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How your tax bracket could change in 2018 under Trump's tax plan, in 2 charts

Elena Holodny
trump tax plan take home pay

AP/Alex Brandon

 

  • There could be new tax brackets in 2018 if tax legislation is enacted under President Donald Trump.
  • The House Republicans' tax bill proposes reducing the current seven tax brackets to four.
  • The Senate Republicans' tax bill proposes keeping seven brackets but changing the income ranges.
  • Both plans propose eliminating the personal exemption and increasing the standard deduction.


House and Senate Republicans have taken two different approaches in their attempt to overhaul the US tax code by releasing separate proposals with sweeping changes.

House GOP leaders unveiled the Tax Cuts and Jobs Act last week and added last minute-adjustments this week. Senate Republicans, meanwhile, on Thursday debuted their tax legislation that contained some substantial departures from the House's version.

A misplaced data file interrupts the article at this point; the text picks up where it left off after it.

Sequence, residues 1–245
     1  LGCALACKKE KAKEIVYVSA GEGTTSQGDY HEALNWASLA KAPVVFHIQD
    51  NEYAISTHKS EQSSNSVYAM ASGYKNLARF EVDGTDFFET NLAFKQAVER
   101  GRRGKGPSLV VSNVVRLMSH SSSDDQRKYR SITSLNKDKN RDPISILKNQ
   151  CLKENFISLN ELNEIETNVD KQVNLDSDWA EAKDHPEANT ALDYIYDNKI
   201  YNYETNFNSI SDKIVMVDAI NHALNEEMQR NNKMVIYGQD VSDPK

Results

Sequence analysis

Business Insider put together two charts showing how both the House's tax plan and the Senate's tax plan could change federal income-tax brackets in 2018 compared with those in 2017.

First, for single filers:

single tax brackets current house senate v2

Business Insider/Andy Kiersz

And second, for joint filers:

married jointly tax brackets current house senate v5

Business Insider/Andy Kiersz

Under the House's plan, there would be four federal income-tax brackets rather than the seven we have today. The brackets proposed are 12%, 25%, 35%, and 39.6%.

The Senate's version would keep seven brackets but at slightly lower rates and adjusted income ranges. The brackets proposed are 10%, 12%, 22.5%, 25%, 32.5%, 35%, and 38.5%.

About 70% of Americans claim the standard deduction when filing their taxes, and their paychecks will almost certainly increase if either tax bill passes.

In 2017, the standard deduction for a single taxpayer is $6,350, plus one personal exemption of $4,050.

The House plan would combine those into one larger standard deduction for 2018: $12,200 for single filers and $24,400 for joint filers.

Under the Senate proposal, these would be slightly lower, at $12,000 for single filers and $24,000 for joint filers.

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